If the branding and storylines follow that of the old NWA with a splash of WCW from the early 1990s mixed in, then Khan and his venture have a chance to rock the wrestling boat. No one is going to knock McMahon off his lofty perch. But the programming and promotion can offer hardened fans a chance to see their old favorites weekly.

What AEW did by making the announcement in grand style is deliver a message to WWE, which signifies this is an upstart that isn’t afraid to ruffle some feathers. It was the right time with the right company backing them.

It’s time to see if the McMahon old guard is as solid as it once was or can the little engine that could make a dent in a business monopolized for too long.


Let us know what you think on social media @theCHAIRSHOTcom and always remember to use the hashtag #UseYourHead!
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Greg DeMarco

Greg DeMarco’s Three Stars Of The Night: WWE Smackdown (5/14/19)

They had Kayla Braxton interview Lars Sullivan. Really.

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Kayla Braxton WWE Smackdown

WWE Smackdown is in London this week, and it’s the go home SD Live for Money In The Bank. Who stood out?

WWE Money In The Bank is on the horizon, and the WWE Smackdown side takes it home in dramatic fashion. Who delivered big performances this week?

The Third Star for WWE Raw: Andrade

Andrade is the man. Seriously, he’s taken tranquilo to the main shows in WWE, and it shows in such a good way. I still wish he was on Raw where he’d be given more opportunity, but he still makes the most out of each moment. Despite the “tranquilo” attitude I referred to, every thing he does actually has far more intensity than almost anyone else not named Brock Lesnar, Drew McIntyre, or Roman Reigns. Traditional thinking means a win here won’t lead to a Money In The Bank briefcase retrieval, but if I was booking the show he’d leave Money In The Bank with the WWE Championship.


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The Second Star: Kayla Braxton

These assholes had Kayla Braxton, a mixed-race female, interview Lars Sullivan? LARS SULLIVAN? I don’t know what idiot made that decision, but they need some special training of their own. Kayla, of course, handled it like the true professional she is. But I’m biased, because I love Kayla Braxton.


Must Listen:
Greg DeMarco Show: Who Should Win and Who Will Win at Money In The Bank


The First Star for WWE Smackdown: Kevin Owens

I am so glad Kevin Owens didn’t stay babyface for long. He’s more than a natural heel–he’s a spectacular heel. He told the truth to Kofi (“reality begins…reality ends this Sunday”) and it worked. He answered Kofi’s babyface challenge, but walked away multiple times, which was long enough to make Sami Zayn’s attack unpredictable. He’s fat, looks dirty, and wrestles in a t-shirt. But he’s so good while doing it. Kevin Owens is the heel we all need, in an era where it’s hard to be a true heel.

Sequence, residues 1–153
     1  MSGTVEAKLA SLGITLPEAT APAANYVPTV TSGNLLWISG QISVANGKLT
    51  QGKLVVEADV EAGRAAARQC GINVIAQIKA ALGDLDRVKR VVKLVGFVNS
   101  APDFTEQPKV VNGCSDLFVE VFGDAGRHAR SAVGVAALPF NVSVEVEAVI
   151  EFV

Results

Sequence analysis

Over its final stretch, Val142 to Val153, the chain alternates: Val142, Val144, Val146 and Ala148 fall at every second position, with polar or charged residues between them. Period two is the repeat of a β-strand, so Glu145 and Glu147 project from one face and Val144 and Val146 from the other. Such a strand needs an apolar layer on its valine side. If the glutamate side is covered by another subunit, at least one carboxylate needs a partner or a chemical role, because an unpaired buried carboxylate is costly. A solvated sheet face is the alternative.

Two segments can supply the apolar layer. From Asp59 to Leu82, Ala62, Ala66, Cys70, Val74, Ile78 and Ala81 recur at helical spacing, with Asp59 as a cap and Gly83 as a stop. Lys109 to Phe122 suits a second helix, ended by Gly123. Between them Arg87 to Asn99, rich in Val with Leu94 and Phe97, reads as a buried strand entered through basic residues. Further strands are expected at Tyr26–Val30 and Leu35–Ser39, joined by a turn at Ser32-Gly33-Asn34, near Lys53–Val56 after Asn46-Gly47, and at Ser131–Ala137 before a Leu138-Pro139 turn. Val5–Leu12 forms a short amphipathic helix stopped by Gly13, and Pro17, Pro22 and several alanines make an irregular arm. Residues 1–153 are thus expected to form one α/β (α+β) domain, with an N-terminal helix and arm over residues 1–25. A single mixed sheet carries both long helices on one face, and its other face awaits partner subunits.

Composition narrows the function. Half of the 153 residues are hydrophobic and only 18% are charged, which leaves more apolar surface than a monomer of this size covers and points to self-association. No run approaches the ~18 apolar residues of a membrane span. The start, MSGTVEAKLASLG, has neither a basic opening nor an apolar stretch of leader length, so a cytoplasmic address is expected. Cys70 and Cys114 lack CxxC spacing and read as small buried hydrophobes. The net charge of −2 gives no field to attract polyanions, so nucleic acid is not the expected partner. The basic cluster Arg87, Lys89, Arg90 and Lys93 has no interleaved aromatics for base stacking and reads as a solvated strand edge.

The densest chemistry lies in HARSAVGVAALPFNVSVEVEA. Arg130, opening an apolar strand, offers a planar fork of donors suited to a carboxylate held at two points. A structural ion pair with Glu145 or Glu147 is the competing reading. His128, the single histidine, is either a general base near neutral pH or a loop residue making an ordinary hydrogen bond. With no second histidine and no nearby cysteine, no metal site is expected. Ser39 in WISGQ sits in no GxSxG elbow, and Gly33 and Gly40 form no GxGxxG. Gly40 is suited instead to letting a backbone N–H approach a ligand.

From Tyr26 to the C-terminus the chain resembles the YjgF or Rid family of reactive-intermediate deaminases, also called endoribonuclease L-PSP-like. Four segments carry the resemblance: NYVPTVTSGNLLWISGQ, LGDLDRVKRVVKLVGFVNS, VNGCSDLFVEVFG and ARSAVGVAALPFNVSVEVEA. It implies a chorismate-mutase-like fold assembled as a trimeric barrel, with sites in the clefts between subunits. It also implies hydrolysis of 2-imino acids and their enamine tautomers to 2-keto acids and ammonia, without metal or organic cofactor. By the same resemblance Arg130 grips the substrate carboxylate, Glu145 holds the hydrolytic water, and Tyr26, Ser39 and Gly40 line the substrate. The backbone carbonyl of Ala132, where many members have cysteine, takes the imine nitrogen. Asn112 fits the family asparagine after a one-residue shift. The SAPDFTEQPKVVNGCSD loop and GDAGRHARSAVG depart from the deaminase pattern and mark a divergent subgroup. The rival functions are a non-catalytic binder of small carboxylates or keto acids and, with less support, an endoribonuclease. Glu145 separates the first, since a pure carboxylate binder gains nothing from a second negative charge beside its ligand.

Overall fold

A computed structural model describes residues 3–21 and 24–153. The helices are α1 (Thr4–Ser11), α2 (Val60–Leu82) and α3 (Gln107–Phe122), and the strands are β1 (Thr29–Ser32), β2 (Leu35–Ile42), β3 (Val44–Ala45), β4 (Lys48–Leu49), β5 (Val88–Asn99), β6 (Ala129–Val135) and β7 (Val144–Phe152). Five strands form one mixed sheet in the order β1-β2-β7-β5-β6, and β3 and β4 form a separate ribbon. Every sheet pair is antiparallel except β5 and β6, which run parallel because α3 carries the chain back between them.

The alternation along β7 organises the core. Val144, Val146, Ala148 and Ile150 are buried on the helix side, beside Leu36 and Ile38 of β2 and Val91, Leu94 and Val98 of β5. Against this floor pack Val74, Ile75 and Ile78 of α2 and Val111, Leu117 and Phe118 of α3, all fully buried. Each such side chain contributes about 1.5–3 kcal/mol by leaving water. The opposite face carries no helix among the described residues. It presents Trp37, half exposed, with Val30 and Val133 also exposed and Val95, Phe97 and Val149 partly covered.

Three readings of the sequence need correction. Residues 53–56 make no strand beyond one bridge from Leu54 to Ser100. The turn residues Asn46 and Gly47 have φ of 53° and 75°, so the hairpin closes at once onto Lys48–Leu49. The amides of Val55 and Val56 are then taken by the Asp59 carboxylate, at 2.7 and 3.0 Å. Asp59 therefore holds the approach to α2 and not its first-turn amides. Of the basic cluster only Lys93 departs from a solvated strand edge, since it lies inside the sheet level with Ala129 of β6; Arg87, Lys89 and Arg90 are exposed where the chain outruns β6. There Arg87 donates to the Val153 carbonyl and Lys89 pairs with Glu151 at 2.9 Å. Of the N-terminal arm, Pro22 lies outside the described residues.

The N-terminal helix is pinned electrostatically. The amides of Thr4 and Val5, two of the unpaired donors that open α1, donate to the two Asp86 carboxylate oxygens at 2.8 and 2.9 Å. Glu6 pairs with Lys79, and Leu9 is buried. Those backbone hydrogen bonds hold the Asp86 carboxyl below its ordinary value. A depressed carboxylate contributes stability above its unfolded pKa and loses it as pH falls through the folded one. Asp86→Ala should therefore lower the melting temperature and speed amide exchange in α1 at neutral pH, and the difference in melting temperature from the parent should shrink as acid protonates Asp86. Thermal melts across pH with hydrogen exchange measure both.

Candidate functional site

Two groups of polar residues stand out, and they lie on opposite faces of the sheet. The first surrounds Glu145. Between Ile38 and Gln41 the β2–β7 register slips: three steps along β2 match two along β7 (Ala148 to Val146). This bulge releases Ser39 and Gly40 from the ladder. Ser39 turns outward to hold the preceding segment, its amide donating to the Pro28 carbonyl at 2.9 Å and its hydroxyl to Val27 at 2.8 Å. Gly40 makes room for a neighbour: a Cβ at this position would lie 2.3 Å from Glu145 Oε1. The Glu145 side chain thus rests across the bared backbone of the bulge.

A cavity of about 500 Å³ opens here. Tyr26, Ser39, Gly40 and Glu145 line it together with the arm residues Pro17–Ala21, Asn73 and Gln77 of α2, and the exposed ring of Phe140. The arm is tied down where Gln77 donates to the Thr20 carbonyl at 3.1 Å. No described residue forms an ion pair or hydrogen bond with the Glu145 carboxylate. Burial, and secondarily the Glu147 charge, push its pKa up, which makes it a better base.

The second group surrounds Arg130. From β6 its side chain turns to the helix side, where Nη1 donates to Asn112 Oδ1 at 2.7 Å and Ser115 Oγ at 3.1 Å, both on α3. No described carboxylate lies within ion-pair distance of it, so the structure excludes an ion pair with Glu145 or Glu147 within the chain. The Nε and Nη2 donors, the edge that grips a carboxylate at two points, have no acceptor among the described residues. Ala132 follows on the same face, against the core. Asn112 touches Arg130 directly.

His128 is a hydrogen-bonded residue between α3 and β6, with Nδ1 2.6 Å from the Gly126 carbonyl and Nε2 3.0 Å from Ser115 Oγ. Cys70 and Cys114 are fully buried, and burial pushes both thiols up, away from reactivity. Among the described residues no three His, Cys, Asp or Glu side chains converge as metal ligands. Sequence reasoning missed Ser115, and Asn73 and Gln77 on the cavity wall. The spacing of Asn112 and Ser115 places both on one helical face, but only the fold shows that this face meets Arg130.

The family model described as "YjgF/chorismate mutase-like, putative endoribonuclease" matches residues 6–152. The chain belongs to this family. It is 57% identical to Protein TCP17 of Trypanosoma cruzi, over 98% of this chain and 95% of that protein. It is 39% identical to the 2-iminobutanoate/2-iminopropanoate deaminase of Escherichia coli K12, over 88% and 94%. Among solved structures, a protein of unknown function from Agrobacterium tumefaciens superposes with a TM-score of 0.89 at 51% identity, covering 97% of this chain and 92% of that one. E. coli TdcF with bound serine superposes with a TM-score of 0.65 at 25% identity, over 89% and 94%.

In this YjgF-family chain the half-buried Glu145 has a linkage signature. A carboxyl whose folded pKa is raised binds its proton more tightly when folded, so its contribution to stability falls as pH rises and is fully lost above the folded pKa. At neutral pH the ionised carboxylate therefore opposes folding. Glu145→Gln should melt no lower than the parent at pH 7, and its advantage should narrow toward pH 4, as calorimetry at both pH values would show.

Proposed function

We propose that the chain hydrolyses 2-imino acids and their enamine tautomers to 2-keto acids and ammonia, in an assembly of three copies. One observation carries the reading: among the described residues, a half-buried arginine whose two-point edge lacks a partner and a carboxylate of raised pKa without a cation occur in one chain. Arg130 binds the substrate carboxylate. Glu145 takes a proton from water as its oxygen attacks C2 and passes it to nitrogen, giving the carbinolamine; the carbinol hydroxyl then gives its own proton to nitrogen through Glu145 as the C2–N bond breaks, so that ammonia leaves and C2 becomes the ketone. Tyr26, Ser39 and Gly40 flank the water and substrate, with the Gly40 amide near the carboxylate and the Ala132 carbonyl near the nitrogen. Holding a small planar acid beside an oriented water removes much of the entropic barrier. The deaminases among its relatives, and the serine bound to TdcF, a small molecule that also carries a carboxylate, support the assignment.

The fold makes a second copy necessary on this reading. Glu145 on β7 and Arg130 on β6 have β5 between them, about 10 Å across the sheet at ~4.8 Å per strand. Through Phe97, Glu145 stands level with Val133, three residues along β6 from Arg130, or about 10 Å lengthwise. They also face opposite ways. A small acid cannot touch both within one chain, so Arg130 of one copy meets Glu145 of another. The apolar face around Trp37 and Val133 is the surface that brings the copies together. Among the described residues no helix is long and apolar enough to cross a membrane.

Who are your Three Stars of WWE Raw?
Comment on social media @ChairshotGreg, @theCHAIRSHOTcom,
and use the hashtag #UseYourHead!


In hockey, a game’s “Three Stars Of The Night” represent the top three performers of the night. For more clarification, I defer to this Pittsburgh Gazette explanation:

“The tradition dates to the 1936-37 season, when Imperial Oil became the principal sponsor of Hockey Night in Canada radio broadcasts and was seeking a way to promote one of its products, Three Star gasoline. The idea of doing so by selecting the top three performers in a particular game purportedly came from a Canadian advertising agency.

Many clubs do recognize the player with the most three-star selections with an award or trophy, usually in conjunction with a corporate sponsorship, at the end of the season (or sometimes, each month). All six Canadian franchises, for example, have an affiliation with a well-known brewery.

The NHL keeps track of its own Three Stars Of The Night selections, but that is done on a league-wide basis. The league employs a system that awards 30 points to a first star, 20 to a second star and 10 to a third – a running total can be found on the league’s website – but it does not present an award based on them.”

In hockey tradition, the first star represents the best of the three, but all three are considered to be receiving a high honor.


Let us know what you think on social media @theCHAIRSHOTcom and always remember to use the hashtag #UseYourHead!